On March 23, Arizona Governor Doug Ducey sent a letter to Seema Verma, Administrator of the Centers for Medicare and Medicaid Services, informing her the state was opting out of Medicare regulations that require Certified Registered Nurse Anesthetists to be supervised by a physician. This is aimed at expanding the scope of the health care workforce during the COVID-19 public health emergency.
The following day, the governor issued an executive order to that effect, causing Arizona to join 17 other states that allow CRNAs to practice independently. This was made possible by a 2001 Bush Administration rule that made the supervision requirement optional, deferring to the judgment of the states and their state licensing boards.
As the governor of a state, Ducey exercised his best judgment, based upon the knowledge available to him as well as the specific needs and characteristics of his particular state, to determine the risks and benefits of the action. And yet health care practitioners lack the same ability, based upon their knowledge and their patients’ circumstances, to use their best judgment when treating pain.
The 2016 guidelines for the treatment of acute and chronic pain issued by the Centers for Disease Control and Prevention, like Medicare’s CRNA regulation, were always meant to be optional. In fact, in its opening section, the guidelines state:
Clinical decision making should be based on a relationship between the clinician and patient, and an understanding of the patient’s clinical situation, functioning, and life context. The recommendations in the guideline are voluntary, rather than prescriptive standards. They are based on emerging evidence, including observational studies or randomized clinical trials with notable limitations. Clinicians should consider the circumstances and unique needs of each patient when providing care (emphasis added).
That didn’t stop governors and state legislatures from enacting strict restrictions on opioid prescribing by health care practitioners. The majority of states have statutory limits on the dosage and quantity of opioids a provider can prescribe to a patient in pain. Some states direct or authorize state entities to set these limits instead of spelling them out in the law.
In late 2018, then‐Commissioner Scott Gottlieb of the Food and Drug Administration announced plans to consult the National Academy of Science, Engineering and Medicine to develop evidence‐based guidelines for the treatment of pain. In April 2019, the CDC issued a clarification of the 2016 guidelines, claiming these guidelines were misinterpreted and misapplied, and two of the guidelines’ authors wrote in the New England Journal of Medicine:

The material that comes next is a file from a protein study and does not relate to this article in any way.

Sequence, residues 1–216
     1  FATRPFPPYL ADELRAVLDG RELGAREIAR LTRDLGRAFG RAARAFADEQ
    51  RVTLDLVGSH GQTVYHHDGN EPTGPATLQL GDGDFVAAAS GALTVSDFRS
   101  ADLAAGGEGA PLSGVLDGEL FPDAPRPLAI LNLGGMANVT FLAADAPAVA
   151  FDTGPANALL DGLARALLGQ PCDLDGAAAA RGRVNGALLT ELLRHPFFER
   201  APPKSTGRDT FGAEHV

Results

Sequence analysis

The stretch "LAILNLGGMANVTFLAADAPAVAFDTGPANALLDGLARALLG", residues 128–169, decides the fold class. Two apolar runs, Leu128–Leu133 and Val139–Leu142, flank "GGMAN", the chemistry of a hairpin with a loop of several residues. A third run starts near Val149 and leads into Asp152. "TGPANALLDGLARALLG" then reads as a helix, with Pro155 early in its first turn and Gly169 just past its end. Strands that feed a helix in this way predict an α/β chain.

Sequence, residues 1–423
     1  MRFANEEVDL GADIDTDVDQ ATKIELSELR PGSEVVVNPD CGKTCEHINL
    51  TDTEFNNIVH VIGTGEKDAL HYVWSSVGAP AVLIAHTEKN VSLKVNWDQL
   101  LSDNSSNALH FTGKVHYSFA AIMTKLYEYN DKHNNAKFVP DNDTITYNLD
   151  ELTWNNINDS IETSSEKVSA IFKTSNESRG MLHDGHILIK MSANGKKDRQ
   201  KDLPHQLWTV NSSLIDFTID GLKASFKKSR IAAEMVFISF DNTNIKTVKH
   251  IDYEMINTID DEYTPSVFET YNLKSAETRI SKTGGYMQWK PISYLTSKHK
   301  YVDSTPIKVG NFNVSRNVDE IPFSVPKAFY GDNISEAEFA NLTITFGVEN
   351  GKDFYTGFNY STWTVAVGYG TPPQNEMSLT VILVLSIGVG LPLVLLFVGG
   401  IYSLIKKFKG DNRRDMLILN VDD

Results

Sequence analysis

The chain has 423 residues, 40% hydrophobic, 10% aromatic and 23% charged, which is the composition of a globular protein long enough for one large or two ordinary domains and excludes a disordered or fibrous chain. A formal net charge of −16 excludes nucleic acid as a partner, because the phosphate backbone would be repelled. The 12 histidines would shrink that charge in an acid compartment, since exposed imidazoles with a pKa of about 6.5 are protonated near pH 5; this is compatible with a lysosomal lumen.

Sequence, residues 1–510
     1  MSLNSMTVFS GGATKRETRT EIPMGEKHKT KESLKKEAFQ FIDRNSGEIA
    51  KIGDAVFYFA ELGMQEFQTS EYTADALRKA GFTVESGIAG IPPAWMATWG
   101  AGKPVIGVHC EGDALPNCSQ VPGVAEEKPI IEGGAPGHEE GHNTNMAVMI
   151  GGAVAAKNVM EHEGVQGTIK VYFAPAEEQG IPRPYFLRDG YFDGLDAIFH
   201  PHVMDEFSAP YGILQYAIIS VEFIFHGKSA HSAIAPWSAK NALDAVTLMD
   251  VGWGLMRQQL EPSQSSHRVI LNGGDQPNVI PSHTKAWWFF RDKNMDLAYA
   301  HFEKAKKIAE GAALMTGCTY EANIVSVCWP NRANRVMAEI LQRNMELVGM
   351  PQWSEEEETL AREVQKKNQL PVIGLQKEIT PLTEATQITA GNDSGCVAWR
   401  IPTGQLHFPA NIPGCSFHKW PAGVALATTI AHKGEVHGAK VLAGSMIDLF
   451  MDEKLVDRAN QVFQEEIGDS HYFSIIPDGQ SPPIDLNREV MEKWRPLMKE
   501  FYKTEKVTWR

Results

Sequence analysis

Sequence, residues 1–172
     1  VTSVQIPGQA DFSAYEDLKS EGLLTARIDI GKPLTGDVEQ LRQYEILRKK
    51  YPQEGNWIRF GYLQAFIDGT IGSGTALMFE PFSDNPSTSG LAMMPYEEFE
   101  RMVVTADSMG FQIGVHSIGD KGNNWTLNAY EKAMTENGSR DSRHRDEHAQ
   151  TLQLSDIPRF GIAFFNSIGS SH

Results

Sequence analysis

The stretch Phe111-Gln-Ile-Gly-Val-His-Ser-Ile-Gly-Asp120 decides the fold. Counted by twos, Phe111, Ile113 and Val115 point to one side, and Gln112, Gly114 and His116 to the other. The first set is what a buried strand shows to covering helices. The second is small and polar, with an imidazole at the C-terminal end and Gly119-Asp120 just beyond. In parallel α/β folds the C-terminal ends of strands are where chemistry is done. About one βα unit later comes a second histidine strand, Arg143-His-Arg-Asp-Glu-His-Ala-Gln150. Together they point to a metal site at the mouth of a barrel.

We need better evidence in order to evaluate the benefits and harms of clinical decisions regarding opioid prescribing, including when and how to reduce high‐dose opioids in patients receiving them long term. The CDC developed the guideline on the basis of the best available evidence, with input from a multidisciplinary group that included experts in pain management as well as representatives of patients and the public. In situations for which the evidence is limited, it is particularly important not to extend implementation beyond the guideline’s statements and intent. And yet in some cases, the guideline has been misimplemented in this way.
In May 2019, the Department of Health and Human Services released a report from its Pain Management Best Practices Inter‐Agency Task Force. The report stated in its Executive Summary:
The Task Force recognizes the utility of the 2016 Guideline for Prescribing Opioids for Chronic Pain released by the CDC and its contribution to mitigating unnecessary opioid exposure and the adverse outcomes associated with opioids. It also recognizes unintended consequences that have resulted following the release of the guidelines in 2016, which are due in part to misapplication or misinterpretation of the guideline, including forced tapers and patient abandonment.
Among its conclusions:
An emphasis on an individualized, patient‐centered approach for diagnosis and treatment of pain is essential to establishing a therapeutic alliance between patient and clinician… The choice of medication should be based on the pain diagnosis, the mechanisms of pain, and related co‐morbidities following a thorough history, physical exam, other relevant diagnostic procedures and a risk‐benefit assessment that demonstrates that the benefits of a medication outweigh the risks (emphasis in the original).
Nevertheless, state‐based restrictions remain in place, straitjacketing health care practitioners who want to relieve their patients’ pain.
The COVID-19 pandemic provides many lessons for policymakers. Many lessons reveal how complicated, inflexible, one‐size‐fits‐all regulations stifle swift and effective responses to changing circumstances. As the federal government temporarily relaxes numerous regulations in response to the public health crisis, state and local policymakers are using their newfound freedom to make risk/benefit decisions that fit their specific needs.
Hopefully this experience will cause state leaders to free clinicians to exercise their best judgment in treating their patients in pain once again.